Vaccines are dummies that work by tricking your immune system into thinking that it’s being attacked by a virus. The immune system then churns out antibodies that are honed to that virus. That way, if someone is exposed to that virus in the future, the body can quickly squash it out before it makes them sick. Triggering such immune response takes two main components: a bit of the virus so the body knows what it’s looking for and some kind of irritant to stir the immune system into action against that viral bit. If someone just put purified protein under your skin, nothing would happen. You have to get the immune system kicked up that’s where irritants come into play. Some basic approaches scientists are throwing at the virus are:
- GENE-BASED VACCINES- Gene-based vaccines are the much-hyped underdog in the race to create a coronavirus vaccine. Most of the vaccine candidates that grabbed headlines or sent the stock market soaring are gene-based. Gene-based vaccines instead of directly delivering bits of the virus to the immune system for target practice, give the body tools to make them on its own. The vaccines are made up of pieces of genetic material, either mRNA or DNA, that encode the instructions for making the protein which when enters cells, read the instructions and churn out copies of the protein for the immune system to rally against. These types of vaccines are relatively easy for companies to make once they know the genetic sequence they’re targeting But despite their simplicity and decades of work, gene-based viruses are still largely experimental, at least for people. Moderna and Pfizer have gene based vaccine.
- INACTIVATED VIRUS- Scientists take a virus and kill it with heat or radiation thereby rendering it harmless, but still recognizable by the immune system. A handful of Chinese companies are developing coronavirus vaccines using this method. One company, Sinovac, showed that its vaccine could protect monkeys from COVID-19. Human trials are ongoing. Because these types of vaccines have been around for decades, therefore scientists understand them well. Because these vaccines contain the whole (but non-replicating) virus, they’re good irritants for the immune system. Unlike gene-based vaccines, though, inactivated virus vaccines are hard to make. Manufacturers have experience with them, but they have to grow and then zap massive amounts of virus. Therefore it’s a slow process.
- ADENOVIRUS VECTOR VACCINES- A whole, live vaccine is one of the best ways to create long-lasting immunity. That’s the strategy used to make vaccines for the measles and the chickenpox. They’re made from live but heavily weakened versions of the viruses. The viruses are so weak that they don’t make you sick, but they still make your body think it’s infected and set off the immune system. But it takes a long time to alter a virus so that it becomes weak and safe enough to be used as a vaccine, therefore to speed things up, vaccine developers aren’t even attempting to do that with the entire coronavirus. Instead, some teams are inserting sections of the coronavirus gene into weakened, live versions of other viruses. These viruses are called adenoviruses, Because this vaccine is based on a weakened, but a living virus, the immune system mounts a strong response against it. Even though live virus vaccines are regularly used, the adenovirus platforms are still experimental. Also, some people might have seen the adenovirus before so the vaccine wouldn’t work for them. University of Oxford is working on Adenovirus vector.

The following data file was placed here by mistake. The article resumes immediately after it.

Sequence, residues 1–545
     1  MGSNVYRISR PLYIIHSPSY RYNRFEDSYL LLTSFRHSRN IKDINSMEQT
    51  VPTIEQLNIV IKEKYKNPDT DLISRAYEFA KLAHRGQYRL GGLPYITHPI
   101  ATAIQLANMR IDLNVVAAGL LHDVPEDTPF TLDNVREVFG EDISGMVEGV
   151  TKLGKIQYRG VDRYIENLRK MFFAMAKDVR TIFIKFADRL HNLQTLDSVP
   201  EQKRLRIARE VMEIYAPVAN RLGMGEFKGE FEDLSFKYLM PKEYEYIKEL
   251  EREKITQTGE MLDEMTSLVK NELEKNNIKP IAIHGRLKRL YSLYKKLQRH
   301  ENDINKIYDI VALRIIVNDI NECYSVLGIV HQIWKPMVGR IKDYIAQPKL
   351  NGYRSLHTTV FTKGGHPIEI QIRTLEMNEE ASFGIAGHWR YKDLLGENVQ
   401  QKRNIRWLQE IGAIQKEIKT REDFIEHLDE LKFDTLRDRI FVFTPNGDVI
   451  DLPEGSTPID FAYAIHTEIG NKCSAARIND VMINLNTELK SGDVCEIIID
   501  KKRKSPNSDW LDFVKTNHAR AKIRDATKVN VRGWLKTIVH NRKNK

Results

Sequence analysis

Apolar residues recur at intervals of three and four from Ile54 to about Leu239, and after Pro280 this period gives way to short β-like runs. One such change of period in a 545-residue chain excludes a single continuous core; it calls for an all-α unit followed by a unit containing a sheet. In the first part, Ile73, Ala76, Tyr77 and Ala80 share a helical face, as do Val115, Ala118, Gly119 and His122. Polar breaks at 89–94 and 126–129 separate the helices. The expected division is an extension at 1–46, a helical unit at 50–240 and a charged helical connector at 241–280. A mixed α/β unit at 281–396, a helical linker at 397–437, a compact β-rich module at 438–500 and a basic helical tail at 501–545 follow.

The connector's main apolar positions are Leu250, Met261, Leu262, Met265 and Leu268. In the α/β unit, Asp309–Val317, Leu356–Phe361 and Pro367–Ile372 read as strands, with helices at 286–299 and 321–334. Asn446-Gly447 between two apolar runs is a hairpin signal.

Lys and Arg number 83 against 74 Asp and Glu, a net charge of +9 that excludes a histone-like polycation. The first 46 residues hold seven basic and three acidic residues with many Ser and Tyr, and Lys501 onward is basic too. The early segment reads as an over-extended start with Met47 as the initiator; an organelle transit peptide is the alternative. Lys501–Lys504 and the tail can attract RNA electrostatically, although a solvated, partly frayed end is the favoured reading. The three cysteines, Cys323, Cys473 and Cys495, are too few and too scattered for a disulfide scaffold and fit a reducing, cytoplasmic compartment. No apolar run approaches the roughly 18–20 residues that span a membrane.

- PROTEIN SUBUNIT VACCINES- Protein subunit vaccines directly deliver the specific bit of the virus scientists want people to develop antibodies against (rather than the gene for the protein). For the coronavirus, in most cases, that’s the spike protein. These vaccines contain copies of the spike protein and a bit of something to stimulate the immune system. Scientists are familiar with this approach, and it’s worked well for other diseases. Because these vaccines only use a piece of a virus, they sometimes aren’t able to push the body to generate a strong enough immune response, even with a good irritant built-in. Therefore people often need multiple shots to build up enough immunity to the disease which is a challenge during this pandemic. Because creating enough vaccines to give each person one-shot is already a challenge.
There’s a long history in vaccinology of trying multiple approaches to the same end goal because no one knows which strategy or which vaccine candidate will work best. You can’t speed that the process of testing vaccines. Because tests have to be conducted on a large group of people and researchers have to wait to see if someone actually develops immunity to disease after they’re given a trial vaccine They also have to watch for any safety concerns, either short-term side effects or long term. Speeding up the authorization process of a vaccine is a dangerous task because there are no guinea pigs to experiment on. It is a gamble with too much on stake. Rather we should cross our fingers and hope for the best.
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